Ernest Francisco Fenollosa (1853-1908) was a poet and student of Asian art. Born in Salem, Massachusetts, Fenollosa studied at Harvard, Cambridge University and the art school at the Boston Museum of Fine Arts before traveling to Japan to teach political economy and philosophy at the Imperial University at Tokyo. In 1988, he helped establish the Tokyo Fine Arts Academy and the Imperial Museum, serving as its director. For his many efforts to preserve temples and shrines and their art work, the Emperor of Japan decorated him with the orders of the Rising Sun and the Sacred Mirror. In 1890 Fenollosa returned to the Boston Museum of Fine Arts to take the position of curator of the department of Oriental arts. However, his public divorce and immediate remarriage in 1895 to the writer Mary McNeill Scott (1865-1954) led to his dismissal from the Museum in 1896 and he returned to Japan to teach English literature at the Tokyo Higher Normal School. He returned to the United States in 1900 to write and lecture on Asia. His works include East and West: The Discovery of America and Other Poems (1893); Epochs of Chinese and Japanese Art (1912), compiled by his widow, Mary McNeil Fenollosa; and two works on Japanese drama (ed. by Ezra Pound, 1916).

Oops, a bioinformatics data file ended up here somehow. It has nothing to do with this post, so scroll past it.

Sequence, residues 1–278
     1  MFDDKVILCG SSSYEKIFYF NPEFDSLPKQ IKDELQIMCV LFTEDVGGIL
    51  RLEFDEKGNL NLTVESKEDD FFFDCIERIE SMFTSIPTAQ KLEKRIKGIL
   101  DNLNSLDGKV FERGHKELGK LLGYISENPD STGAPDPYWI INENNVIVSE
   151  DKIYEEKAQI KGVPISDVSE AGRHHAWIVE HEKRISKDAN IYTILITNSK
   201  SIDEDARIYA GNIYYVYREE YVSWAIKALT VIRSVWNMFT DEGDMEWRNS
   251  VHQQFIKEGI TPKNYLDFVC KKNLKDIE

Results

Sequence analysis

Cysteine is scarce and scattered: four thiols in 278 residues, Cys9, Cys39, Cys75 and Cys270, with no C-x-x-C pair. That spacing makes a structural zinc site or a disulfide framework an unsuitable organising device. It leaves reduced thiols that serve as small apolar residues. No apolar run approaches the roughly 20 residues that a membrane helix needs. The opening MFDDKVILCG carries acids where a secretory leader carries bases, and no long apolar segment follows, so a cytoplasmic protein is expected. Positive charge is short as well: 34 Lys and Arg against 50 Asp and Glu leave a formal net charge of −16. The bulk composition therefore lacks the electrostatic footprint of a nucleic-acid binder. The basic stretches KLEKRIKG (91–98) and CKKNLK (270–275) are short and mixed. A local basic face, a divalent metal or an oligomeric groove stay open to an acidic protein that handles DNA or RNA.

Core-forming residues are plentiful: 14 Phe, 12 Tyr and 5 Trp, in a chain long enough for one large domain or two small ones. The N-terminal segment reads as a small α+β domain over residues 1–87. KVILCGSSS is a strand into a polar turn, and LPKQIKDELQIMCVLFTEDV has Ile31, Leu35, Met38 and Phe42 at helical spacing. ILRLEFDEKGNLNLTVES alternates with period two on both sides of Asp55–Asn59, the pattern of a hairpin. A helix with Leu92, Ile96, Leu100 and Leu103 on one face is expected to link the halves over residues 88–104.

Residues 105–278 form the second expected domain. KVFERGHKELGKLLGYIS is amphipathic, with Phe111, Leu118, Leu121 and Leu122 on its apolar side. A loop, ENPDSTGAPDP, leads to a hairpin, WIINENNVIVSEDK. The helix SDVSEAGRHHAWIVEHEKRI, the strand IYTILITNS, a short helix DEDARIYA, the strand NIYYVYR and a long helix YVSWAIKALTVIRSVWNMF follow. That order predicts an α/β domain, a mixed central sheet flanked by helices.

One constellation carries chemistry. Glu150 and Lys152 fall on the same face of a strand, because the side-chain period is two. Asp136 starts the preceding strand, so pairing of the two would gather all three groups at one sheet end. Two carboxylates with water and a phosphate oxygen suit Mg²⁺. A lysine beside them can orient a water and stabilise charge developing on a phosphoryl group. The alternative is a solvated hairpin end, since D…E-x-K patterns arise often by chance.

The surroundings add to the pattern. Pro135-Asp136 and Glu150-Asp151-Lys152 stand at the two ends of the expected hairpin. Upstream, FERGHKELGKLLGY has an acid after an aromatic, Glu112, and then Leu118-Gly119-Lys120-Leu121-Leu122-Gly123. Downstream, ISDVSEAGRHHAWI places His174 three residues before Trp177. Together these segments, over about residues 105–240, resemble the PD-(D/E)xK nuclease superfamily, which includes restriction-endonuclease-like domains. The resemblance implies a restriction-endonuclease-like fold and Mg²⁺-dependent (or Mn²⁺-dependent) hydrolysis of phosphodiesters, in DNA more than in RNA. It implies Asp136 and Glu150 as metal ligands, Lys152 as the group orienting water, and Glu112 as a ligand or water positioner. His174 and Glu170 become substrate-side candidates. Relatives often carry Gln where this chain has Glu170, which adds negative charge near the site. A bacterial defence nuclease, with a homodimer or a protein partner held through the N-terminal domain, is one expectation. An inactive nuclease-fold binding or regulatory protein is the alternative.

Stored in one box
One studio portrait of the scholar and writer Ernest Fenollosa (1853-1908), likely presented to his patron, Charles Lang Freer.
Smithsonian Institution, Freer Gallery of Art and Arthur M. Sackler Gallery Archives, 1050 Independence Avenue, S.W., Washington, DC 20013-7012